Elsewhere, Miroslav Miletić performed around the world with his “commercial” string quartet Pro Arte, yet also conceived interesting electroacoustic pieces. One of them, “Lamentacija” (1962-1963), was produced during a short visit to the Dutch studio CEM in Bilthoven. The emotional, affective piece is dedicated to miners who lost their lives in an accident in Bosnia. A forlorn viola chirps and wails in the foreground while electronic effects simulate the rockfall and act as “an addition to the psychological state of mind.” Years earlier, Miletić used a spliced shortwave radio to produce similar effects at home. He found the screeching, creaking sounds of the radio interference intriguing. “The recording I found was of dismal quality, but you could hear that it was a sketch of the same idea of a pioneer,” Laboš says.
One of the standout compositions from the later period is Zlatko Tanodi’s “Echolalia” (1979-1980). The title and music allude to a psychiatric disorder characterized by repetitions which, according to Tanodi, reflected his opinion that everything had been said and done in music. “Echolalia was created in collaboration with the ACEZANTEZ ensemble and is not purely electronic,” Tanodi explains, “I used the Polymoog with custom modifications to its filter section to get new sounds and spice up the composition—feedback generated noises following a randomized, computer-sounding pattern.” Like Tanodi’s other works, “Echolalia” is outlined by an audacious instrumental exploration while retaining a semblance of traditional forms.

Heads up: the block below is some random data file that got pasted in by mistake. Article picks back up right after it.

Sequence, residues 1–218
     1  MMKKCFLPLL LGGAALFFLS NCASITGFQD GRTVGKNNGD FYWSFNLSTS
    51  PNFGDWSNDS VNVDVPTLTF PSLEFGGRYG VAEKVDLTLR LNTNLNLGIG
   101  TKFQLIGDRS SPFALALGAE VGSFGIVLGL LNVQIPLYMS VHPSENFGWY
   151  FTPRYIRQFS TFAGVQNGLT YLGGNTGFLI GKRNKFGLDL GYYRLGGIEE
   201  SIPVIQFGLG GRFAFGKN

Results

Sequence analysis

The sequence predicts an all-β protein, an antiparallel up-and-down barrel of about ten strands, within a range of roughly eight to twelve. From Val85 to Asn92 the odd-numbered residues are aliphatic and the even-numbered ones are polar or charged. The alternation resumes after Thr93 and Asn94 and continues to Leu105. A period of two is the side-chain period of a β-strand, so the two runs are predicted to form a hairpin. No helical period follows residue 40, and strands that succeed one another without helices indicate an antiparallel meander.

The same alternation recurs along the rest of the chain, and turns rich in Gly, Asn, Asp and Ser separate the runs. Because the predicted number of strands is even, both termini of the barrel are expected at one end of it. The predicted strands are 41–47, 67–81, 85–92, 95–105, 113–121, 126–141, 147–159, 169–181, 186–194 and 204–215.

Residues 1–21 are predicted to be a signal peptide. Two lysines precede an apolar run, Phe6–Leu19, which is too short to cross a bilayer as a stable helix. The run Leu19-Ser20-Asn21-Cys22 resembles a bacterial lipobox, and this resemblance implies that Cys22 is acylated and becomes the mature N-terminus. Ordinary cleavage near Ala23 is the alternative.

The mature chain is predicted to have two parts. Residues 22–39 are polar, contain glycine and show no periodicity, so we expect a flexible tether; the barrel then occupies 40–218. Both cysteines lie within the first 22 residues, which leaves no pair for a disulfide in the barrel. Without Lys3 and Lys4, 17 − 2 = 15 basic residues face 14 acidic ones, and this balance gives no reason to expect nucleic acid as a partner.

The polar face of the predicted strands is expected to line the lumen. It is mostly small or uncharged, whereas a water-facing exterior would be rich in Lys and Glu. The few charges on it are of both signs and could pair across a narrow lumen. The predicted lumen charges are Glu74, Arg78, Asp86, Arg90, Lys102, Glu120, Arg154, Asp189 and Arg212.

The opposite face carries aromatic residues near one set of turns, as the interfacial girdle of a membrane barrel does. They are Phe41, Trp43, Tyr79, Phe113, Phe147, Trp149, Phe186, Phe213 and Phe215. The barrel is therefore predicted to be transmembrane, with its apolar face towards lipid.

In recent years, Laboš has compiled two new CDs featuring Kuljerić and Foretić. Tanodi is a professor at the Academy of Music in Zagreb, where he teaches electronic composition. But the present and the future of Croatian experimental music look grim. Students at the Academy of Music seem disinterested in electronic composition and experimental forms. The Biennale is a shadow of its former self. As evidenced by the recent turns in financing and attacks against institutions like the Croatian Audiovisual Centre and Student Centre Zagreb’s Culture of Change, a nationalistic ideology in art is being pushed to the front again.
Yet a glimmer of hope rests in small bedrooms and impromptu home studios. There is a fire in the performances of the students of OZAFIN ALU, a section devoted to new media at the Academy of Fine Arts in Zagreb. There is hope in earnest experimentation found on the fringes and presented at festivals like the cancelled Showroom of Contemporary Sound or ZEZ. Will a future Laboš have to dig through it all some day? ¶